US, UK and France Launch Strike against Syria over Chemical Attack

The United States and allies Britain and France have launched coordinated airstrikes against three Syrian targets in retaliation for the Assad regime's use of chemical weapons

Missiles fly through Damascus sky (Photo: AP)

The United States, together with France and Britain, launched airstrikes overnight Saturday against Syrian targets as a response to the suspected chemical attack on Douma last weekend that killed dozens of people.

US President Donald Trump announced that the three allies had launched military strikes to punish Assad and to prevent him from using chemical weapons again. Trump said Washington was prepared to "sustain" pressure on Assad until he ends what the president called a criminal pattern of killing his own people with internationally banned chemical weapons.

US Defense officials said that Tomahawk cruise missiles were launched from at least three American warships, while B-1 bombers dropped long-range missiles on targets. French and British warplanes also fired long-range missiles, while a British submarine launched cruise missiles.

In all, 105 missiles were launched in the combined strike. In a briefing on Saturday morning, the Pentagon provided the following breakdown of the military weapons used to strike Syrian targets overnight.

From the Red Sea, USS Monterey launched 30 Tomahawk missiles, and USS Laboon fired 7 Tomahawk missiles. From the North Arabian Gulf, USS Higgins launched 23 Tomahawk missiles. From the eastern Mediterranean, USS John Warner fired 6 Tomahawk missiles, and a French frigate launched three naval SCALP missiles.

From the air, two US B-1 Lancer bombers fired 19 joint air-to-surface standoff missiles. British Tornado and Typhoon jets fired eight storm shadow missiles, and French Rafales and Mirages fired 9 SCALP missiles.

Gen. Joseph Dunford, chairman of the Joint Chiefs of Staff, said the US, French and British forces struck three sites: a scientific research center near Damascus, a suspected chemical weapons storage facility near Homs and a storage facility and command post also near Homs.

Defense Secretary Jim Mattis told reporters that there were no more attacks planned unless Assad again uses gas on his own people.

"We confined it to the chemical weapons-type targets," Mattis said. "We were not out to expand this; we were very precise and proportionate. But at the same time, it was a heavy strike."

British Prime Minister Theresa May said Syria had left the allies no choice. "This persistent pattern of behavior must be stopped – not just to protect innocent people in Syria from the horrific deaths and casualties caused by chemical weapons, but also because we cannot allow the erosion of the international norm that prevents the use of these weapons," she said.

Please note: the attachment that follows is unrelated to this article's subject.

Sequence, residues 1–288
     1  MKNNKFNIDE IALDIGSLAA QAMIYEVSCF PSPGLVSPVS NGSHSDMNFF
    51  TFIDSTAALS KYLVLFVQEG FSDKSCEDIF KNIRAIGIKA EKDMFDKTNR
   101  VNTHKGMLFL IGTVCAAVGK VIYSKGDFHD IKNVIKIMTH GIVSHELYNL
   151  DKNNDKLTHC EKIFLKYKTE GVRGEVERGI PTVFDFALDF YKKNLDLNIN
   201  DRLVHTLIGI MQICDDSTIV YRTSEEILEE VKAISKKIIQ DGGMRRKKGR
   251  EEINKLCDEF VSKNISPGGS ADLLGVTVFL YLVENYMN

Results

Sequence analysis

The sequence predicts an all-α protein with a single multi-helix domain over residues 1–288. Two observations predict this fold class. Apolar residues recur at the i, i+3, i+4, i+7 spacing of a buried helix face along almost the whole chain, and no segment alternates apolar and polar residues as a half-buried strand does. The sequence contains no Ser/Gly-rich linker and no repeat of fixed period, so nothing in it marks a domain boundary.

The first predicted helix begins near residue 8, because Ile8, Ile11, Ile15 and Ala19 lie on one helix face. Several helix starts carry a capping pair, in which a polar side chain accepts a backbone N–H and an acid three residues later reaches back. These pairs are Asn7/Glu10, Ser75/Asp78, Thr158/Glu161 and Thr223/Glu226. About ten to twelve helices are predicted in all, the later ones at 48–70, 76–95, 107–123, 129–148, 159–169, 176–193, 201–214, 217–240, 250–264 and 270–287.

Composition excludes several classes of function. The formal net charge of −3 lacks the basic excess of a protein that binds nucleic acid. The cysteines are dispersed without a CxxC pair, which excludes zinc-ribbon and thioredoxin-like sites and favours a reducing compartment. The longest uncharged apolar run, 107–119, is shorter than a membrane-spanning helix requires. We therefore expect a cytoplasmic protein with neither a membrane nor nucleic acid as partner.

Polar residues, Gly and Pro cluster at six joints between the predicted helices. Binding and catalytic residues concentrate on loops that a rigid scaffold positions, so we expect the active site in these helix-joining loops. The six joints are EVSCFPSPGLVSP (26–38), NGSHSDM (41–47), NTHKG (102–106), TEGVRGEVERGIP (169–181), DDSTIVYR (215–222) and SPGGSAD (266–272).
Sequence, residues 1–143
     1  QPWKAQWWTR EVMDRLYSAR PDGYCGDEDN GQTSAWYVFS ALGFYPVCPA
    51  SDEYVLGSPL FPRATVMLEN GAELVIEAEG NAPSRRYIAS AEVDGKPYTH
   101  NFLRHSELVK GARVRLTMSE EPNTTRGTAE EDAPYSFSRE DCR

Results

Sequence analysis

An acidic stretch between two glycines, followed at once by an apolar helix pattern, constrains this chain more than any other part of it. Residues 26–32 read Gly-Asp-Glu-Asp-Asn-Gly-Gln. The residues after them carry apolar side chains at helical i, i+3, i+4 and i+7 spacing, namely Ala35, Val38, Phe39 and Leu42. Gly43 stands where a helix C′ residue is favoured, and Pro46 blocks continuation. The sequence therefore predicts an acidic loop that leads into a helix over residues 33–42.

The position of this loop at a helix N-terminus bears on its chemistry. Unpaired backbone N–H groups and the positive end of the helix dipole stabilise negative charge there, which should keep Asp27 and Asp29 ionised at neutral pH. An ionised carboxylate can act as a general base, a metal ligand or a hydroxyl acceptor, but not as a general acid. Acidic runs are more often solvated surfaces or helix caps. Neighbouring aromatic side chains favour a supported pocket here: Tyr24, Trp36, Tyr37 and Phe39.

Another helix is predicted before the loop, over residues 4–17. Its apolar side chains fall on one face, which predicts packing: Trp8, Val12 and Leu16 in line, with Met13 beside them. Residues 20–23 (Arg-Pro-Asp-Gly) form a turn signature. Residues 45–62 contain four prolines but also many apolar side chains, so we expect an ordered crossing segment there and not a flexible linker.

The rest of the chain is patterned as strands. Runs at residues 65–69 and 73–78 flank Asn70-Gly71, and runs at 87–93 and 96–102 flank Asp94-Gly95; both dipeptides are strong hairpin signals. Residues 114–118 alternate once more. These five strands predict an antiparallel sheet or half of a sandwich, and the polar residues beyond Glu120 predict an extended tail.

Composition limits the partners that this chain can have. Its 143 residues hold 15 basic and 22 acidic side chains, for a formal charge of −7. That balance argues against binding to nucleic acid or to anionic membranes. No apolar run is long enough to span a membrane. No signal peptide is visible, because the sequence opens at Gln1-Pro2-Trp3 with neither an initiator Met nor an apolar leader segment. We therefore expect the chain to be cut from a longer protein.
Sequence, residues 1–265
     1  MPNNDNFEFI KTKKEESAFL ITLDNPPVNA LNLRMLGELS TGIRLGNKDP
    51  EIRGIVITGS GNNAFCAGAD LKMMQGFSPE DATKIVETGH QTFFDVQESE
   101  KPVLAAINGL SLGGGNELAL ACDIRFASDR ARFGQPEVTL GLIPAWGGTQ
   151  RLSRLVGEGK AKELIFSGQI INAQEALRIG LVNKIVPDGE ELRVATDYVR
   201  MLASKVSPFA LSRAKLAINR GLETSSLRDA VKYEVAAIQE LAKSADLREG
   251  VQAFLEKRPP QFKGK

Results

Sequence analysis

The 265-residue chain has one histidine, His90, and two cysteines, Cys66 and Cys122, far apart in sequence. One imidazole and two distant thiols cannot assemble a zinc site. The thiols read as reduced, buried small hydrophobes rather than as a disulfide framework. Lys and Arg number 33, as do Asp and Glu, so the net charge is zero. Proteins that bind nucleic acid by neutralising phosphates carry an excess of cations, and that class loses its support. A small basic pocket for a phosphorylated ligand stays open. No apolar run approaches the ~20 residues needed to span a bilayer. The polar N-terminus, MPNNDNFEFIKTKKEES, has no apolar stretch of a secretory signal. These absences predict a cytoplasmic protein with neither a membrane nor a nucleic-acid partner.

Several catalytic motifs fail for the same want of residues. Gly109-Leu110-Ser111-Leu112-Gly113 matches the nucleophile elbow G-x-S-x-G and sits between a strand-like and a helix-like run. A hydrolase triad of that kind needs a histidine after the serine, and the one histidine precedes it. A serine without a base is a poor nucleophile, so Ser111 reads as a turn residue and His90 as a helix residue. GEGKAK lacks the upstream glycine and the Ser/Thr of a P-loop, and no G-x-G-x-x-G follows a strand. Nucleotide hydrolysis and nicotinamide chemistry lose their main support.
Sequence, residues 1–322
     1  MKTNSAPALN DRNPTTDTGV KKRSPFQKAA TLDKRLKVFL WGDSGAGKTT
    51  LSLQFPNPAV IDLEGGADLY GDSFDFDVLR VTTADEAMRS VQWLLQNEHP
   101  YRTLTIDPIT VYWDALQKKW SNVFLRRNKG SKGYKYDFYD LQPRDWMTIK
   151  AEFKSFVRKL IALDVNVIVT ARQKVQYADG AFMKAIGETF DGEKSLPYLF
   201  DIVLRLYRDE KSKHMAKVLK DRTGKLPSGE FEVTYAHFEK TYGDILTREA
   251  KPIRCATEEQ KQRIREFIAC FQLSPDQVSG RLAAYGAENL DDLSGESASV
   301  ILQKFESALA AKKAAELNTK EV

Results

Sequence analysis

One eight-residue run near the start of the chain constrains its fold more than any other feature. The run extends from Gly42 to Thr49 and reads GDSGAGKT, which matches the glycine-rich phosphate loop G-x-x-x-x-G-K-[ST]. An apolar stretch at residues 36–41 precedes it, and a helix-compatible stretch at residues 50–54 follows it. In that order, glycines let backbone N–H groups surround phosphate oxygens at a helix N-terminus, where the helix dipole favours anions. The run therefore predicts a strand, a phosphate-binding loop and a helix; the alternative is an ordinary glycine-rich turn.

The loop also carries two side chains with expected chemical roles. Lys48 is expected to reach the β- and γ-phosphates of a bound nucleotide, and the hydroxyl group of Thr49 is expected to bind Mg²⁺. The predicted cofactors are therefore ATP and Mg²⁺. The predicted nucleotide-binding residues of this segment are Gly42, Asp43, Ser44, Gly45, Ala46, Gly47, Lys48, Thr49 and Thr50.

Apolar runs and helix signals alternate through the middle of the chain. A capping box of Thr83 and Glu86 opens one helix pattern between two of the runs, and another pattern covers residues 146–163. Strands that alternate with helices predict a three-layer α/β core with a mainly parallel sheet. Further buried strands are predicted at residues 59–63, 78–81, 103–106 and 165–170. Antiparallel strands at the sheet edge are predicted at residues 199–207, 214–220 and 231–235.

"This is not about intervening in a civil war," she added. "It is not about regime change. It is about a limited and targeted strike that does not further escalate tensions in the region and that does everything possible to prevent civilian casualties."

French President Emmanuel Macron also issued a statement saying his country's "red line has been crossed" after the suspected chemical attack. He there was "no doubt" Syrian President Bashar Assad's regime was responsible.

Macron said his country's priorities in Syria are to fight terror, allow the access of humanitarian aid and help bring peace to the region.

Syrian state television said government air defense systems were responding to "the American aggression" and aired video of missiles being fired into a night sky. It reported that 13 missiles had been shot down by Syrian air defenses near Al-Kiswa, a town south of Damascus. American officials said they could not yet confirm that.

In Moscow, Russian President Vladimir Putin and other top officials swiftly condemned the attack as international aggression but said no Russians were injured. He announced that Russia will call an emergency session of UN Security Council over the strike.

"We warned that such actions will not be left without consequences," Anatoly Antonov, the ambassador to the United States, said in a statement. "All responsibility for them rests with Washington, London and Paris."

Iran's Supreme Leader Ayatollah Ali Khamenei said an attack on Syria was a crime and would not achieve any gains. Iranian President Hassan Rouhani said the attack will cause destruction in the Middle East. 

 

[Sources: CNN, The Washington Post, The New York Times]

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